• Imagining a new frontier for medical design innovation in Africa

    Aid, Environmental Design

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    1. A radio bracelet would allow communication among patient, midwife and patient. 2. A field microscope to analyze water-born illnesses 3. A new design for a fetal ultra-sound 4. A flower-like dispenser allows villagers to chose dyes to customize inse
    Vahe Alaverdian, Art Center College of Design

    Note: The following article is a contribution of Erica Clark, Designmatters Co-Founder and Senior Vice-President, International Initiatives, Art Center College of Design What happens when a global company meets a small design school? In the case of GE HealthCare and Art Center College of Design, a collaborative effort with tremendous real-world applications.
    In the fall 2006, GE HealthCare funded an educational project at the College that resulted in a series of innovative design-based solutions to an urgent challenge: to deploy new medical technologies among underserved populations in Africa, in places where most people have never seen advanced medical care of any kind. Working closely with top GE HealthCare professionals, a select team of Art Center product, environmental, and transportation students and faculty responded to this challenge with exhilarating energy and creativity. As the portfolio of images below shows, many of the designs are currently feasible; others, while more complex, are still realistic. It would be easy, for example, to make a radio-transmitter bracelet that allows midwives and pregnant women to communicate over far-flung locations – sparing the lives of myriad mothers and babies. It will be possible to develop the team’s concept for a portable ultrasound device that’s easy to operate and comfortable for patients who would fear a conventional, more invasive examination, thus improving the diagnosis and monitoring of many conditions. Or to implement the team’s breathtakingly simple innovation: a mosquito net that becomes a headscarf by day, alleviating untold suffering. More futuristic, but equally compelling, is the team’s proposal for a dirigible to transport patients to hospitals from regions inaccessible to other vehicles, potentially saving many lives.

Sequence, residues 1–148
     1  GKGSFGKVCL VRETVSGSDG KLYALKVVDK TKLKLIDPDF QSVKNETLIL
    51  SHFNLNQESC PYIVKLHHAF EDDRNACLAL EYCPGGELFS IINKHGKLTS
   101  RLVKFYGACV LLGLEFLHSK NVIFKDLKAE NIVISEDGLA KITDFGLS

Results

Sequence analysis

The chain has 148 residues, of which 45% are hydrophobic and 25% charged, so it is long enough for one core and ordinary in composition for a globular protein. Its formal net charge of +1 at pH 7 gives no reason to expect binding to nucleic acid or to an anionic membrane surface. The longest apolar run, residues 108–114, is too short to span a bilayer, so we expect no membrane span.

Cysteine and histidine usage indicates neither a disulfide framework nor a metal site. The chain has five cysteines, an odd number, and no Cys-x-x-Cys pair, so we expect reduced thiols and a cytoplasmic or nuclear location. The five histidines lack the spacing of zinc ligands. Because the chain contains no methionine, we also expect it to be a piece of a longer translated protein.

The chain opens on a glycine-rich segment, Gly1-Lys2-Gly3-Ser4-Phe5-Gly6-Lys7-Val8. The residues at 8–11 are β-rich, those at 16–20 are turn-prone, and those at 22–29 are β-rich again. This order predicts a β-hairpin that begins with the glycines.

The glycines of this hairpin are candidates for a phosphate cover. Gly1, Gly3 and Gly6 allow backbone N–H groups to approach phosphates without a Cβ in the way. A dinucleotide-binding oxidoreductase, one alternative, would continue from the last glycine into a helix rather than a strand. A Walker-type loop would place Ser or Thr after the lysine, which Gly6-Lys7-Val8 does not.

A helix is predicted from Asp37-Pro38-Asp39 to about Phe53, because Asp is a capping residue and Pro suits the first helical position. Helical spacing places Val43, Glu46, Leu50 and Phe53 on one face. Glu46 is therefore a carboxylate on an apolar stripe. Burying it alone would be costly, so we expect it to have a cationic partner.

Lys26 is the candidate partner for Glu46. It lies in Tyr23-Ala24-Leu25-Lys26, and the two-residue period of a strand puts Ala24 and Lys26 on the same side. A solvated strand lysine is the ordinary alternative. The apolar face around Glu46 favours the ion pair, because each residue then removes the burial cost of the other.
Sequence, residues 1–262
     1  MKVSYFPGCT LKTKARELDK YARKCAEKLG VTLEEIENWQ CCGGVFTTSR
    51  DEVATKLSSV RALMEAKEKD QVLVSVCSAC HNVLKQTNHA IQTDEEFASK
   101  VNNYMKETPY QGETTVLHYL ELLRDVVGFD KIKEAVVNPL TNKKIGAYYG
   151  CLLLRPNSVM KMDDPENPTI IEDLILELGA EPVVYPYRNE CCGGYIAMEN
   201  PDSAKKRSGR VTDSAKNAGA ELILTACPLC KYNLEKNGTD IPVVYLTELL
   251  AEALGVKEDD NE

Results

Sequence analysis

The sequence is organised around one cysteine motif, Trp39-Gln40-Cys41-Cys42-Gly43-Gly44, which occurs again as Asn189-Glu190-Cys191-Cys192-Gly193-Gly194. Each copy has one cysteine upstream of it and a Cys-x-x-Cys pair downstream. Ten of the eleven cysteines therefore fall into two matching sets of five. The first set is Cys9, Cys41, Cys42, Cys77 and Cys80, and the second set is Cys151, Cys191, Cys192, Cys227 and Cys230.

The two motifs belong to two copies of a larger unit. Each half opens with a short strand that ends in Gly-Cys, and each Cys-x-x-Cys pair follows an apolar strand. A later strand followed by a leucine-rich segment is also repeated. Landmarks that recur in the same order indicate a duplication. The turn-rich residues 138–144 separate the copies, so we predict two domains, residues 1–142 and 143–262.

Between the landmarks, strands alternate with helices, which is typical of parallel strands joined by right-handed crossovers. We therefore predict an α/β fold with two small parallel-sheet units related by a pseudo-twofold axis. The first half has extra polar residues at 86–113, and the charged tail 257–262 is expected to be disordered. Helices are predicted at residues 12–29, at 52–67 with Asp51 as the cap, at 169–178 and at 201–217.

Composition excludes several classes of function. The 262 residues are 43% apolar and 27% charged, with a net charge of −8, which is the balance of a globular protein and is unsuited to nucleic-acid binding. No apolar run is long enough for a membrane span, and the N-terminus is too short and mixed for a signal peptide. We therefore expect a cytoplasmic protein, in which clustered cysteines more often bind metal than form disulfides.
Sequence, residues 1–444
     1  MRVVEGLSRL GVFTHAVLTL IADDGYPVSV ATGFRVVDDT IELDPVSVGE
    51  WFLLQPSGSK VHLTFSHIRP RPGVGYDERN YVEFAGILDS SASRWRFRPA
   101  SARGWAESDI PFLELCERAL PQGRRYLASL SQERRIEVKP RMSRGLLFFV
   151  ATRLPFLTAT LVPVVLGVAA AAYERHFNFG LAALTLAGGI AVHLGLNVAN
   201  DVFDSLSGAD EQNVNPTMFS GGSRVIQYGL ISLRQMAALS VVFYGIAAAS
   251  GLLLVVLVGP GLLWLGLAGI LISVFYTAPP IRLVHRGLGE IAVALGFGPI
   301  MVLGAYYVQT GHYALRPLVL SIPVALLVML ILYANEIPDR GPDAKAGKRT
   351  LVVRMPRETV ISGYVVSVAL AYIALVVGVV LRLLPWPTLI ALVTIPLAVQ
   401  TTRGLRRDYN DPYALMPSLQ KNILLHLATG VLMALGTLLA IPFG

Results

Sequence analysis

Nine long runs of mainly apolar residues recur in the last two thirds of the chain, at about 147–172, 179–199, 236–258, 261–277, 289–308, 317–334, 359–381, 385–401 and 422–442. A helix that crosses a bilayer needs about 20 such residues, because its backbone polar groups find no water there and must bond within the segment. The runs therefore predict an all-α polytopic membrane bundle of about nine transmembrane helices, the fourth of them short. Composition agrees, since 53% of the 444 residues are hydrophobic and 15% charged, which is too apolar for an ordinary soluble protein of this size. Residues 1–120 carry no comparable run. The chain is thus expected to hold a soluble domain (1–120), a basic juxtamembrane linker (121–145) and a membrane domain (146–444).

Art Center has long been renowned for producing remarkably “finished” work in its 14-week academic terms. The GE HealthCare sponsored studio, however, exceeded all expectations at the College and the company alike. Shortly after the project’s conclusion, GE HealthCare invited Art Center to display the final designs at corporate headquarters. Several of the product concepts were also cited at the 2007 MMVR Conference on medical technology, and others were nominated for the 2007 INDEX Prize conferred by the Danish government.
    Most significantly, though, the GE HealthCare project reflects a powerful shift throughout the College and the international design community, as well as in industry: a commitment to address the social challenges of our time through innovative collaborations that unite many disciplines and kinds of expertise. No longer are these activities marginalized as “do-good” humanitarian efforts. They are squarely within mainstream, bottom-line strategies driving today’s most creative work in business and design alike. This ethic is clearly stated in GE’s 2006 Citizenship Report, “Solving Big Needs,” which addresses such primary concerns as energy efficiency, environmental health and safety, and emerging market economies. Similarly, this approach is embodied in Art Center’s Designmatters program, which since 2001 has explored social and humanitarian applications of design and responsible business practices. Led by the International Initiatives department and involving chairs, staff, and faculty, Designmatters played an essential part in defining the brief for the GE HealthCare studio, and brought in medical and public health experts from leading agencies to lend their expertise throughout the project.
    This collaboration, then, represents a vision shared by GE HealthCare and Art Center - a vision of corporate and educational leaders working together to help provide essential medical access as a means to a more dignified and humane life. Equally significant, this vision recognizes the vital role of design in collaborations that unite business and education, as well as seasoned expertise and younger talent, in addressing issues of profound relevance to us all. The work produced encompasses all the factors – cultural, demographic, economic, geographic, and aesthetic – that when properly understood, transform design from taken-for-granted commodities into something urgently relevant to its users. The collaborations that produce such results energize everyone involved and foster innovation in new realms. And as much as anything, these partnerships show that our collective future rests in great part on the creativity and skill of designers. The GE HealthCare studio was just a beginning, and sets a new bar for design education and the meaning of a truly educated designer – one who is fully engaged with, and by, the world we all live in.

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